Babies who continue to breastfeed even after they begin eating solid foods reap immune system benefits.
Almost one third of the beneficial bacteria in a baby’s gut comes directly from mother’s milk and a further 10pc comes from the skin on the mother’s breast.
These bacteria colonise the baby’s intestine and train the immune system to recognise good and bad bugs.
Breastfeeding helps the development of a healthy gut microbiome which in turn protects the baby against allergies, asthma and inflammatory bowel disease throughout life.
“We’re appreciating more and more how these bacterial communities, particularly in the intestine, help guard against the bad guys,” said Dr Grace Aldrovandi, professor of paediatrics and chief of infectious diseases at UCLA Mattel Children’s Hospital.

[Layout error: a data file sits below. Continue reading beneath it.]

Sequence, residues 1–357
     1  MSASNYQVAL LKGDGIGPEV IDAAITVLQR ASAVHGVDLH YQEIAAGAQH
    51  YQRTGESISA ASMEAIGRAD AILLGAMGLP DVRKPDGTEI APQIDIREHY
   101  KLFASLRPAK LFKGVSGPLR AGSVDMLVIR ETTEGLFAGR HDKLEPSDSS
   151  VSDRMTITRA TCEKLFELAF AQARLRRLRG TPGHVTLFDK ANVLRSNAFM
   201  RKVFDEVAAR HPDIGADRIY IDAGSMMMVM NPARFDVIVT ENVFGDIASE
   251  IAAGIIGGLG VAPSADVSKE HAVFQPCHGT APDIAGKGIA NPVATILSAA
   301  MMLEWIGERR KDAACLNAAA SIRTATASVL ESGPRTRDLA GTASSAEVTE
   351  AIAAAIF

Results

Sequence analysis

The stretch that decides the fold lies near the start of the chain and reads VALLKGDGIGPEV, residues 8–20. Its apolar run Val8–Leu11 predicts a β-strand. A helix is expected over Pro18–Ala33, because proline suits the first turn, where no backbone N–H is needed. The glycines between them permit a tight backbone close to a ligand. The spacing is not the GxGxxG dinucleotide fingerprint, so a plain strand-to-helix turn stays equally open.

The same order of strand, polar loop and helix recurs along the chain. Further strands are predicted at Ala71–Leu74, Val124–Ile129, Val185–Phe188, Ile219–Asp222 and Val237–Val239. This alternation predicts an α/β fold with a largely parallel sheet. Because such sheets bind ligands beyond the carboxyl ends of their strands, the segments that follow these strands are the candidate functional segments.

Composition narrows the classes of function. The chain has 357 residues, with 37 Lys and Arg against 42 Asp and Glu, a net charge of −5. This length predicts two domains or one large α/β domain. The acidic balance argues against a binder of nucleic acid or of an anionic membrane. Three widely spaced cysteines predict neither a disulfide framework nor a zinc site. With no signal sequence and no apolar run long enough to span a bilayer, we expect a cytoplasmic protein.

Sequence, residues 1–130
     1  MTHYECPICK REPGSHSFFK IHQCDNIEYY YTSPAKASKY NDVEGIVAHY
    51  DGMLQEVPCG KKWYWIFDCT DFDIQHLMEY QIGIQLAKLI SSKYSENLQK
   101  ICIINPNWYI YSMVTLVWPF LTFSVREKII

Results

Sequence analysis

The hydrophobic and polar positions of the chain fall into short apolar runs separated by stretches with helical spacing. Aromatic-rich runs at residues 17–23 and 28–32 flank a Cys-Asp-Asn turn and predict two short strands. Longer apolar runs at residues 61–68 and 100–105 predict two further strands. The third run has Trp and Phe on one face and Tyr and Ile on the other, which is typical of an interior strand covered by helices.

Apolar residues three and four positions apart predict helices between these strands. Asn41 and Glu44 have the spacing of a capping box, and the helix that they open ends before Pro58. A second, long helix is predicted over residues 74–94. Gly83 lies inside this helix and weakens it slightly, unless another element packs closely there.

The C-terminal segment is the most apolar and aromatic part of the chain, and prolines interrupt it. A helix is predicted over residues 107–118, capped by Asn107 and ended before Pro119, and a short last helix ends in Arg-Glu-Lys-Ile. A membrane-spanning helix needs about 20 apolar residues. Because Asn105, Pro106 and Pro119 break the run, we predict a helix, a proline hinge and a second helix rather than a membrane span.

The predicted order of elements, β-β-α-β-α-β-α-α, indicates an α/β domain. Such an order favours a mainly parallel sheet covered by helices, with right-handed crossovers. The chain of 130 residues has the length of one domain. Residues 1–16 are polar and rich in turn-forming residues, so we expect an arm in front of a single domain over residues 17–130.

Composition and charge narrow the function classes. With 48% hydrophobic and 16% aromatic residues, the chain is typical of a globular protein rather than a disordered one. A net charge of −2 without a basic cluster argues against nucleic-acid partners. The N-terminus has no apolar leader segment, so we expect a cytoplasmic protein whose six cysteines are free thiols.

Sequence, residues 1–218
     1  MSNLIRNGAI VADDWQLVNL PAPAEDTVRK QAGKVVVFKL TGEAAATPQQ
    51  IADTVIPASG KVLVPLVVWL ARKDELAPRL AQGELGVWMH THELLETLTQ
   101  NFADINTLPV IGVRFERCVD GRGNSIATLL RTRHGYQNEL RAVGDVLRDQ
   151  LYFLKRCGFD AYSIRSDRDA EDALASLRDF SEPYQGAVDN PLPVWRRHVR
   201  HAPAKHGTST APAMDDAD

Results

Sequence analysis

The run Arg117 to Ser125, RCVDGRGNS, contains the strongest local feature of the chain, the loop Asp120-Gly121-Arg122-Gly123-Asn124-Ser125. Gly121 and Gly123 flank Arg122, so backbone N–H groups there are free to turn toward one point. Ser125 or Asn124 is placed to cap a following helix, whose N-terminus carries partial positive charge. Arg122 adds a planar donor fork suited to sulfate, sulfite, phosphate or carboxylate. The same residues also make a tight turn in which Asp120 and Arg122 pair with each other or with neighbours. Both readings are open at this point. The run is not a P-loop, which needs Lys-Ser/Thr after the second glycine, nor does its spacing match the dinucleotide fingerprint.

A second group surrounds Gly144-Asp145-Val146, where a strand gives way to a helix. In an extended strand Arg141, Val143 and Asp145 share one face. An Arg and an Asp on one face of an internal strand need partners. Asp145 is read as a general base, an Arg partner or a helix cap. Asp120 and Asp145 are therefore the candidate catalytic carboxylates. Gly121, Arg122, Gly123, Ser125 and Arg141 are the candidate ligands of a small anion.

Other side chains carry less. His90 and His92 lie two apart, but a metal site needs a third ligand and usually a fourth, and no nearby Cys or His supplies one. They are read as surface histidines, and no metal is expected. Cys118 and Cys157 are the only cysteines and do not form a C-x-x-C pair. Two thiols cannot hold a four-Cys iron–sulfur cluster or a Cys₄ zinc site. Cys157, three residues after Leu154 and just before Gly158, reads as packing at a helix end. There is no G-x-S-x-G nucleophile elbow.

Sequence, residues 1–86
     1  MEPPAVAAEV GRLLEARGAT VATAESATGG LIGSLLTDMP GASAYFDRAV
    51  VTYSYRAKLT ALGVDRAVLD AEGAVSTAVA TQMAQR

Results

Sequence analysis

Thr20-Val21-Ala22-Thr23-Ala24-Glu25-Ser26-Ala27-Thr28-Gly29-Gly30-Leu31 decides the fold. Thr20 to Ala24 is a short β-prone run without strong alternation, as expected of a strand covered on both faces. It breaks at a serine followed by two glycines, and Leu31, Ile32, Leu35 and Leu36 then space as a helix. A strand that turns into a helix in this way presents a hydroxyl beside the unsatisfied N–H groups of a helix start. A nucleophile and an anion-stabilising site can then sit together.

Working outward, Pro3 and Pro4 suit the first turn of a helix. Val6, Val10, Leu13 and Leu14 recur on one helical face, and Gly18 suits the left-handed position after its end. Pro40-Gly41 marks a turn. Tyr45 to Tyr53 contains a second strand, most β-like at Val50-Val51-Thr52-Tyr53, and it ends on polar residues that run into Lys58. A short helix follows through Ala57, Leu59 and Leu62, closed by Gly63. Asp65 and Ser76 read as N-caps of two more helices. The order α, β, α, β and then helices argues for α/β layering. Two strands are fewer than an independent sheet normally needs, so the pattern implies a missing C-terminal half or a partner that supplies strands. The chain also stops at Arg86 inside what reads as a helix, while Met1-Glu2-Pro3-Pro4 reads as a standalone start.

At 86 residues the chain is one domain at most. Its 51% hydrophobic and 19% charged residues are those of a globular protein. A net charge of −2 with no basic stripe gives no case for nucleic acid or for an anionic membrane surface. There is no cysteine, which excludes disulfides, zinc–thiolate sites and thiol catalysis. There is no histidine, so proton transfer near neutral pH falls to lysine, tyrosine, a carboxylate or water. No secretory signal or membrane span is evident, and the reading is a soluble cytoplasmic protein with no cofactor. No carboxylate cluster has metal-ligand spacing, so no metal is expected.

“We know from animal model systems that if you get good bacteria in your gut early in life, you’re more likely to be healthy.”
Throughout the babies’ first year of life, researchers collected samples of breast milk and infant stool, and swabs from the skin around the nipple.
They analyzed the samples to assess which bacteria were shared between mothers and infants, and calculated the relative abundance of the bacteria.
“Breast milk is this amazing liquid that, through millions of years of evolution, has evolved to make babies healthy, particularly their immune systems,” added Dr Aldrovandi.
“Our research identifies a new mechanism that contributes to building stronger, healthier babies,” she stressed.
Details of the study are published in JAMA Pediatrics